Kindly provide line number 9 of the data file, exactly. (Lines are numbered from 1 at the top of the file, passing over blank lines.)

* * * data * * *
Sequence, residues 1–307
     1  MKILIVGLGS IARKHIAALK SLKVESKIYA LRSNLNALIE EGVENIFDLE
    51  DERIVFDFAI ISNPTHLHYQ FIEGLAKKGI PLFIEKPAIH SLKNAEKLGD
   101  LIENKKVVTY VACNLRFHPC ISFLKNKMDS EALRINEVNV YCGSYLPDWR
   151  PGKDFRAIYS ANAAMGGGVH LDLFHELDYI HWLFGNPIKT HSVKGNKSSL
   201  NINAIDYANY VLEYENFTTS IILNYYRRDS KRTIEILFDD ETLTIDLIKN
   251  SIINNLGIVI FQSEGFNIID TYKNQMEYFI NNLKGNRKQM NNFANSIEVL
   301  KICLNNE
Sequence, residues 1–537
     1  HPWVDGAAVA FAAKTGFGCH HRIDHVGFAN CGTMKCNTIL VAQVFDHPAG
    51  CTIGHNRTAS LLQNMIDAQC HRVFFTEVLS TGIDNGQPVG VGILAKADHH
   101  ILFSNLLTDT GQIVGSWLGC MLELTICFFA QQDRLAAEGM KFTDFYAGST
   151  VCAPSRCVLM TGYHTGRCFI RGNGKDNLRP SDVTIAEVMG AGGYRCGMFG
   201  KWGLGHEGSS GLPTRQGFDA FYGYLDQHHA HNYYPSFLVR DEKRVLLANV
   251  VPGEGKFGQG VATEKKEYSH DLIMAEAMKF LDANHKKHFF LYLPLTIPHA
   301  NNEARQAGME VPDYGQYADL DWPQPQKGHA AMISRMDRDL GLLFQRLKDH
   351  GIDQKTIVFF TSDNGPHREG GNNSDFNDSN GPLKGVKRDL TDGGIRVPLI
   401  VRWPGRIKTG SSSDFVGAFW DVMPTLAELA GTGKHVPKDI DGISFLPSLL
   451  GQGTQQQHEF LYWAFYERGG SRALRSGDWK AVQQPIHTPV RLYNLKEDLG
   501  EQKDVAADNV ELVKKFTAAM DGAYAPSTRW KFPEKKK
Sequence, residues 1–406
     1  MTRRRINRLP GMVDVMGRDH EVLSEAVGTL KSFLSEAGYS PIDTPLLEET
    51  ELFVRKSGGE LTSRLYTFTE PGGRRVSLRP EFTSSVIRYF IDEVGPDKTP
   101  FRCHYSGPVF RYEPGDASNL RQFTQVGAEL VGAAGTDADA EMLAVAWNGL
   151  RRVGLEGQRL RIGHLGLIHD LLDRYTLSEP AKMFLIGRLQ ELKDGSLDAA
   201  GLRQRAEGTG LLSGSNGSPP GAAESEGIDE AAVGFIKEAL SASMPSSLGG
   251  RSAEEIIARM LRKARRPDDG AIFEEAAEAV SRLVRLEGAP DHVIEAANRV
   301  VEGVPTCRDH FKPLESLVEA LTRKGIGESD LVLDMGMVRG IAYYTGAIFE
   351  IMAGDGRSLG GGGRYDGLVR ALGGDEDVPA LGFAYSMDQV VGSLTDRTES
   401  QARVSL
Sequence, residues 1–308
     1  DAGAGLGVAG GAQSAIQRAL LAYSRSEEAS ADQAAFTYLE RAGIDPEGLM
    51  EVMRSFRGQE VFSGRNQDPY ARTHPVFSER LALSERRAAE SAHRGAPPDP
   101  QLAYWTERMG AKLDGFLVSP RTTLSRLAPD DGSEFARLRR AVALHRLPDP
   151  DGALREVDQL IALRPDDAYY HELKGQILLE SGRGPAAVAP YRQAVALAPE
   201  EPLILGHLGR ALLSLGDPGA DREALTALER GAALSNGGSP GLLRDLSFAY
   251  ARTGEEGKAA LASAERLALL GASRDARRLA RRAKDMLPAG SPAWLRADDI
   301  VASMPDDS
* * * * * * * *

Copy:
Sequence, residues 1–537